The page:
What elevates green hydrogen above the blue and gray varieties is the use of renewable energy sources to catalyze the electrolysis. So long as the input is renewably sourced, the production and subsequent use of green hydrogen is virtually carbon-free. In 2022, green hydrogen production grew 44 percent compared to 2021, and is expected to reach a market value of $60.6 billion by 2030; the transportation sector leads in use, accounting for around 40 percent of global green hydrogen sales in 2021.
Lastly, let’s consider pink hydrogen, an even less-developed variety, derived when nuclear fission is used to power electrolysis. Pink hydrogen production systems are still finding their footing, but prominent Swedish nuclear plant OKG, owned by Uniper and Fortum, did announce its intention a year ago to sell pink hydrogen to industrial gas company Linde. The plant has actually been producing pink hydrogen since the early 1990s as a form of nuclear reactor coolant. This specific case serves as a blueprint for repurposing infrastructure in the green transition.
Setting the scene
And it looks like the European Union is taking that idea and running with it. On Feb. 13, the EU released a highly anticipated set of rules defining what renewable hydrogen means for its member states. Russia’s invasion of Ukraine and the associated fallout severely affected the EU’s access to oil and gas, forcing it to fast-track development of independently produced renewable energy. Green hydrogen is one promising solution to this multi-pronged dilemma. But because green hydrogen electrolysis is powered by renewable energy (wind, solar, hydro) many worry that production would commandeer all of the clean energy available on local grids.
The EU decided to bypass the issue by mandating that green hydrogen can only come from electrolyzers powered by newly built renewable electricity generation equipment located on-site. So, that means each green hydrogen plant would need its own on-site wind or solar farm. If, for some reason, the green hydrogen plant must connect to the grid, it would have to sign a power purchase agreement supporting the production of local renewable energy. These new rules are expected to boost the use of the aforementioned pink hydrogen, thanks in part to the aggressive lobbying of France to include nuclear plants as renewable energy sources.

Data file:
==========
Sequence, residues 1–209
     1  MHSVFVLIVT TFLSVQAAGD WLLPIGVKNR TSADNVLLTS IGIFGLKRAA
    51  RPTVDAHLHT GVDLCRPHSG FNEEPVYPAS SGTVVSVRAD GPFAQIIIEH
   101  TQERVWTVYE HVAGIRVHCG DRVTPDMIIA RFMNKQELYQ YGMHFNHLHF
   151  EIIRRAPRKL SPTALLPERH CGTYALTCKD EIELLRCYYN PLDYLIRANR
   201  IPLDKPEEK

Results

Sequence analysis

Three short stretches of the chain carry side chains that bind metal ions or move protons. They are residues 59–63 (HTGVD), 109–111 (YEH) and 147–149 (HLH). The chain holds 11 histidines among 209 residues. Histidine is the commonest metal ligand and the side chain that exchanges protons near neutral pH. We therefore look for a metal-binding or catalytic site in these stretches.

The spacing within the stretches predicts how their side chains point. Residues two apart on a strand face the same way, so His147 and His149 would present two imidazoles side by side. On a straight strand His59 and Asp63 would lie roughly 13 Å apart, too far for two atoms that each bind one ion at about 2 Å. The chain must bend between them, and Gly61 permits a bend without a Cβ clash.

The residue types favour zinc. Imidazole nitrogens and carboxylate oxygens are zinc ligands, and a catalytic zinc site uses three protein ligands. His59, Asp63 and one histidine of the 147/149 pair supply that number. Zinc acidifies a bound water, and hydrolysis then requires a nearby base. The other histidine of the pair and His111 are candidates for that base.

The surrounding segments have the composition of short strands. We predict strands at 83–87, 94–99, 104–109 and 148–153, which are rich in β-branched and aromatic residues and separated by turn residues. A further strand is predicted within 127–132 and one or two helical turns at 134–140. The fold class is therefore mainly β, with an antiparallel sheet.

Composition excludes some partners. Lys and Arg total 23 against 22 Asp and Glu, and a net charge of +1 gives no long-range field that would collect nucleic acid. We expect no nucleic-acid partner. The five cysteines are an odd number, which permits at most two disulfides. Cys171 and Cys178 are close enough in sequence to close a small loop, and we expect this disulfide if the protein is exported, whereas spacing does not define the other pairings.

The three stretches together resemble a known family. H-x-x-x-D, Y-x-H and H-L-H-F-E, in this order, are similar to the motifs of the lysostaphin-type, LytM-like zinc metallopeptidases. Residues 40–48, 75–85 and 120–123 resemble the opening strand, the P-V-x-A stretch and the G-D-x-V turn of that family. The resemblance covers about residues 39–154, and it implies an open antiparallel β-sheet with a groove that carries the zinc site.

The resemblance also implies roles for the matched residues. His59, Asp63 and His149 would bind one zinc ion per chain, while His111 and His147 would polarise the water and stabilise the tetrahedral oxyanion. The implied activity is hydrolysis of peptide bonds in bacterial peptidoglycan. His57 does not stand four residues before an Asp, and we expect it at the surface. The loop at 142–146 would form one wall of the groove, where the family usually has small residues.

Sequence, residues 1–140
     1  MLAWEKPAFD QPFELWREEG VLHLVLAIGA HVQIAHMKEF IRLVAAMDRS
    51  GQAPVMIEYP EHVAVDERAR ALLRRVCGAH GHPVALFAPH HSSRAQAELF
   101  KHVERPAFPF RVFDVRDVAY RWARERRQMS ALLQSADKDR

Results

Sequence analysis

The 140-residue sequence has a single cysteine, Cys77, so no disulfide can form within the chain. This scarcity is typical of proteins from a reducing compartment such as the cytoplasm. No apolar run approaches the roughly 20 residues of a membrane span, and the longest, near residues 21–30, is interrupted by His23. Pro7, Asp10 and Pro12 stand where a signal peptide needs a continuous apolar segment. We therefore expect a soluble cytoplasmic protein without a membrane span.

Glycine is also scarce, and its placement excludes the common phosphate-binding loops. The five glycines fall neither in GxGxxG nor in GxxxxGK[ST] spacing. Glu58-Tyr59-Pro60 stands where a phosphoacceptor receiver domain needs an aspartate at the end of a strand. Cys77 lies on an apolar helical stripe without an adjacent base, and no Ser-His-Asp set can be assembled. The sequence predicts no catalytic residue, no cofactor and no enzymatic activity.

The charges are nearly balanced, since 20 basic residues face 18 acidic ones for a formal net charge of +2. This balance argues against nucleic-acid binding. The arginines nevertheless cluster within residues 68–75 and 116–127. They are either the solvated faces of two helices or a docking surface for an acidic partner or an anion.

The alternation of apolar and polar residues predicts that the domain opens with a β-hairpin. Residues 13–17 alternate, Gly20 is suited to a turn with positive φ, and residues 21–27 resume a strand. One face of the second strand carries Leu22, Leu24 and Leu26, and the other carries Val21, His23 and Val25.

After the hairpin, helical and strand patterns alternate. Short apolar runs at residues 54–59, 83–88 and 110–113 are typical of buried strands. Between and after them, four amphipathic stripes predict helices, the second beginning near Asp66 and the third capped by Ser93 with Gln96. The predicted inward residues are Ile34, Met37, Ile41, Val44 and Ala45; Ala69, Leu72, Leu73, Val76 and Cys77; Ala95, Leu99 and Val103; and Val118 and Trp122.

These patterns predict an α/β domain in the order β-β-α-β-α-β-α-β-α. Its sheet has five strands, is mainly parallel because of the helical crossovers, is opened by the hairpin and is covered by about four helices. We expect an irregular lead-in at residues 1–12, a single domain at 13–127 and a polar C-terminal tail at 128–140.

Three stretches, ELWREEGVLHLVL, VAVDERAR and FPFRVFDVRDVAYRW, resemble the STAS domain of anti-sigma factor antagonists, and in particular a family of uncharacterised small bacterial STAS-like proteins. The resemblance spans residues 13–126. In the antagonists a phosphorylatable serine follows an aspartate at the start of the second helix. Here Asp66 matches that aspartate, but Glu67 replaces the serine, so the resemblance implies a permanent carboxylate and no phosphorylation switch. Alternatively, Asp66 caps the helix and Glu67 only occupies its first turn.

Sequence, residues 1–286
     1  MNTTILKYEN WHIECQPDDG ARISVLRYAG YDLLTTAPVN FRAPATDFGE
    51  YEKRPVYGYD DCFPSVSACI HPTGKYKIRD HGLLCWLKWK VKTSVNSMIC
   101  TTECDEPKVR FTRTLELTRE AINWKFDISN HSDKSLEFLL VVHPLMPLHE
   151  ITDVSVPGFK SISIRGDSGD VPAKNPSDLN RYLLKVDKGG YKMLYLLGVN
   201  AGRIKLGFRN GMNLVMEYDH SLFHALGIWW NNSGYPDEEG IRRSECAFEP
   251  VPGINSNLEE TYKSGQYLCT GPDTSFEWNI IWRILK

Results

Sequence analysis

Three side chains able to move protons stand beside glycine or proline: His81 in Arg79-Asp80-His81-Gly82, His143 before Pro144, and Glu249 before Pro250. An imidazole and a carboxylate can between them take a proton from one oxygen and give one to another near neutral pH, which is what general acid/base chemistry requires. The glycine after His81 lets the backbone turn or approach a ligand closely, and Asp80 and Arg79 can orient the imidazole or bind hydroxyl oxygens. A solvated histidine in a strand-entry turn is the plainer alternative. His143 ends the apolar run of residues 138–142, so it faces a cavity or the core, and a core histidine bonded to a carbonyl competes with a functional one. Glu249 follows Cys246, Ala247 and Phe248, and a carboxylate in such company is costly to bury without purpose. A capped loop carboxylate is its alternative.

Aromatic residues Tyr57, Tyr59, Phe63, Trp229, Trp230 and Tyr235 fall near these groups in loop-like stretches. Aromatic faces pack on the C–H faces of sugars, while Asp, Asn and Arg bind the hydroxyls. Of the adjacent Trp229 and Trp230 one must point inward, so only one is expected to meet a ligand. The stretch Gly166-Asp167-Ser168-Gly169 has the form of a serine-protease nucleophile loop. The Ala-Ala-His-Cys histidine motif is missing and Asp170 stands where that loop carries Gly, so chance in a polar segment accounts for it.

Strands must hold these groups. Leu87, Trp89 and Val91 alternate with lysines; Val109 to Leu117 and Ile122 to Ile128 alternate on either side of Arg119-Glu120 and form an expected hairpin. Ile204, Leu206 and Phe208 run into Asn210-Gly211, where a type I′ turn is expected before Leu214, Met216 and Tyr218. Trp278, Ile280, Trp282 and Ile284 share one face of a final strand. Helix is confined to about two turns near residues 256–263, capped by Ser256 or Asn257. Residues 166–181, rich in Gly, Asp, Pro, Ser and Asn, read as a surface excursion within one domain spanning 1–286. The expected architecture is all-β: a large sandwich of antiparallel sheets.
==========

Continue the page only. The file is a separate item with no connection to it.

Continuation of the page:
In the United States, the Inflation Reduction Act is expected to exponentially increase the production of green and blue hydrogen. The International Council on Clean Transportation estimates that the IRA “can reduce the cost of green hydrogen production by almost half, falling to nearly $3 per [kilogram] hydrogen for a project starting in 2023.”
And the market trends are indicating this estimation to be accurate. Andres Angulo, an energy analyst at GlobalData, explained, “As of January 2023, 90 percent of [new construction] hydrogen projects are green, reflecting … the number of EPC [engineering, procurement and construction] contractors participating in bigger green projects.”
We’re officially living in a world where a vital form of energy is represented by a spinning rainbow wheel. Keep an eye on where the wheel ultimately stops.